31% of Taiwanese earn less than NT$30,000; 10% earn over NT$61,000 per month.


#201

Spot on. The exchange manipulation only favors them.


#202

Ahh, I was confused because my Italian isn’t so good when I was there. I think It’s actually some places like Rome have unions for workers in certain sectors like the person I talked to who worked at a restaurant. She said they have a certain min wage or something that’s about 1100 euros a month.


#203

Yea, can take a look forex reserves ROC has accumulated over years. Naturally taiwan want to keep twd dollars down. Price matters the most, in foundry business.

At least (for now?) taiwan has technology edge in semiconductors. When they started in the late 80s, they were like way behind. They closed a gap and eventually tsmc became one of best semiconductor company. As mentioned investments are heavy capital intensive (finance + energy), so will be really hard for china to catch up. Plus you need a lot experience, but chinese learning fast and there is unlimited governmental money. Will see. They establishing funds with like over 200 billions of usd, just for chips industry. Not sure either is worth it economically, but party def wants close a gap chinese companies has with tsmc.

https://www.google.si/amp/s/www.forbes.com/sites/ralphjennings/2017/11/09/an-upstart-upstream-high-tech-sector-in-china-threatens-now-dominant-taiwan/amp/

As long taiwan will matters economically, or in technological way, taiwan can have a freedom and own way of living. As soon it does not matter, they can nuke hell of it. World will turn away, as long there is steady supply of new cars, phones, pc…

Is a policy taiwanese politics has, to keep twd down, labour is cheap, so yea business people “are not motivated” to build up margin, brends and pay better salaries. It takes decades for mentality to switch. However am sure taiwan will finds its own way in future

China is already/slowly moving up on value chain, and is question how long can taiwan ignore/survive without chinese investment. They saying chinese managers already paying better than taiwanese.


#204

What’s even more annoying is the attitude that “I’m entitled to a paycheck and a Lamborghini too just like the boss because I show up for work everyday – and, no, I don’t want to start my own company because it’s too much risk and hard work.”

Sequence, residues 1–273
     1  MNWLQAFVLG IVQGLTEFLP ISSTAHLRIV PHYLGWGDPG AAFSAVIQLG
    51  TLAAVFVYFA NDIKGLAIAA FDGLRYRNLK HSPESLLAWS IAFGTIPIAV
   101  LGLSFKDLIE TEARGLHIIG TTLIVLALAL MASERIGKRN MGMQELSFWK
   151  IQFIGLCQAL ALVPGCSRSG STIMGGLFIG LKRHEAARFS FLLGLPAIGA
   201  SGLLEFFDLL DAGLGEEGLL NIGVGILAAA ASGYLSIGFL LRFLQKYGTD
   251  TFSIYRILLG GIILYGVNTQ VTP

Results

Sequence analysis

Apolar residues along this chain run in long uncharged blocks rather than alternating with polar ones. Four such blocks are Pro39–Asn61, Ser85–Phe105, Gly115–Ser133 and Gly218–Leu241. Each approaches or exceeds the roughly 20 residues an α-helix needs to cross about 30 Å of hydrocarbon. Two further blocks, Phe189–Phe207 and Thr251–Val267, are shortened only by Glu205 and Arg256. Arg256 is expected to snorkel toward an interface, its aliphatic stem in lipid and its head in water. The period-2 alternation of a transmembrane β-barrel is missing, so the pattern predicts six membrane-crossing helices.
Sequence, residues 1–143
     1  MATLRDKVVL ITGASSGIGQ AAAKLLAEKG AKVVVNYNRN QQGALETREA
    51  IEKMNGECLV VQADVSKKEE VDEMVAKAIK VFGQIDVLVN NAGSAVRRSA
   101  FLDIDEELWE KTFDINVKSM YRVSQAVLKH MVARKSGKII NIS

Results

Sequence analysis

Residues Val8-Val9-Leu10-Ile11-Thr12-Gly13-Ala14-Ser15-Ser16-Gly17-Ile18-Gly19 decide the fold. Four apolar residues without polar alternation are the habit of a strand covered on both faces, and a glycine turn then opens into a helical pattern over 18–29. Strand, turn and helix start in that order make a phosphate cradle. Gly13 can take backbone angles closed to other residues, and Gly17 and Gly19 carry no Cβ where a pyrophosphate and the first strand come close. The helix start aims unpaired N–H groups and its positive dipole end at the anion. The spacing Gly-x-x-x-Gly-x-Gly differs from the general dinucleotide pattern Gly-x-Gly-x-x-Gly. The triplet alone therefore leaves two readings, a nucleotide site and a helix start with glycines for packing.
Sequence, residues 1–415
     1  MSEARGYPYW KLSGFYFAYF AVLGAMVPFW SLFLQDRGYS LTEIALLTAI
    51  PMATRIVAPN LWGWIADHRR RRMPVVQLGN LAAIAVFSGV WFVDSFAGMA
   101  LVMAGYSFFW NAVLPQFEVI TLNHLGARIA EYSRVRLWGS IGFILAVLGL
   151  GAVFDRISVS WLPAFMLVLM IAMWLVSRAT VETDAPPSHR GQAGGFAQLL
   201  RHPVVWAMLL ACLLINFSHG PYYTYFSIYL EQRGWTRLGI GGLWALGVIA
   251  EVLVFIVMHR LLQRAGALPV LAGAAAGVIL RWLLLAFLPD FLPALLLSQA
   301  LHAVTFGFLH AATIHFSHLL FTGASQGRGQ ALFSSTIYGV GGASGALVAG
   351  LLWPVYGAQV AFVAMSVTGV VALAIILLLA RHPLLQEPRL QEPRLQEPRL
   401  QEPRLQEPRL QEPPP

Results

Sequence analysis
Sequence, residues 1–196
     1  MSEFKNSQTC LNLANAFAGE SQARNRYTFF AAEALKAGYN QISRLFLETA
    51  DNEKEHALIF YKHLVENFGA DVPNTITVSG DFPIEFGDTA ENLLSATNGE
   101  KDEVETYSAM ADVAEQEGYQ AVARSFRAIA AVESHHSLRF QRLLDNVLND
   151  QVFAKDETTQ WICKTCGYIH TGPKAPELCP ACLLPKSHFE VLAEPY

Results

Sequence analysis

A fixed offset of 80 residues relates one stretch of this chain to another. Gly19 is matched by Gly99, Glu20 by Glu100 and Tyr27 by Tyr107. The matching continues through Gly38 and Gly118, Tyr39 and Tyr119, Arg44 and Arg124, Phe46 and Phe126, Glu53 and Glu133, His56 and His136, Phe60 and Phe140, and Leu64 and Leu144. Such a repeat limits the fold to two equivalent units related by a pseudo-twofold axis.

Living wage? Wages in Taiwan are crap but if you’ve ever run a business here you soon learn that the space Taiwan’s economy occupies between China and its customers in the U.S. and Europe is thin and getting thinner as SE Asia moves up the food chain. So thin that a living wage relative to Taiwan’s costs would soon put most companies out of business and its workers on the streets.

TSMC has a healthy profit margin but it’s an unusual company for Taiwan as its business model isn’t entirely based on low cost. Its wages for engineers are much lower than in the U.S. or Europe though. Where it makes up some of the difference is in yearly profit sharing. No profit though and engineers at TSMC make what an office assistant makes in the west. That’s why semiconductors companies in the U.S. are shutting down production there and moving operations to Taiwan. The biggest problem at TSMC and U.S. companies like Micron operating in Taiwan though is IP theft due to low wages for engineers in Taiwan relative to China.


#205

Nonsense. Taiwanese companies operate on a low margin model, because they choose to operate on a low margin model and not invest in marketing, r&d or do any research.

These companies could pay more, but just don’t.


#206

Not sure either tsmc pays so low. They have bonuses, and other benefits. In europe engineers salaries are taxed 40 to 50% and i doubt anyone starts with over 2,5k (88k twd) after tax in germany, italy,france.
Salaries are higher in norway, switz. But there i paid for basic hairdresser 1500 twd. So much value for your money.
Europe can be great for families but single people are taxed to death.


#207

I worked in the R&D office of a Taiwanese company for two years as its boss who had made a fortune as a low-cost OEM tried to move up the high margin foodchain. It was an utter train wreck from the top on down because its engineers educated in the Taiwan educational system had no clue how to innovate. Many Taiwanese companies have tried the same thing over the years and failed so it’s not like none of them have been trying.

As far as “companies could pay more, but just don’t” only someone who has no experience managing a business in Taiwan would believe that.


#208

I’ve worked in Taiwanese tech companies and with ODMs for around five years. Many don’t make an effort or don’t know where to begin. I’m not talking about even becoming brands, but rather basic steps like having a proper website or some kind of marketing strategy. Most of those companies got business through referrals or trade shows, but the world has changed and they haven’t adapted. There has been plenty of warning. These companies are failing because of mismanagement, but the first course of action is to cost down, which normally equals making workers work longer and finding ways to cut wages.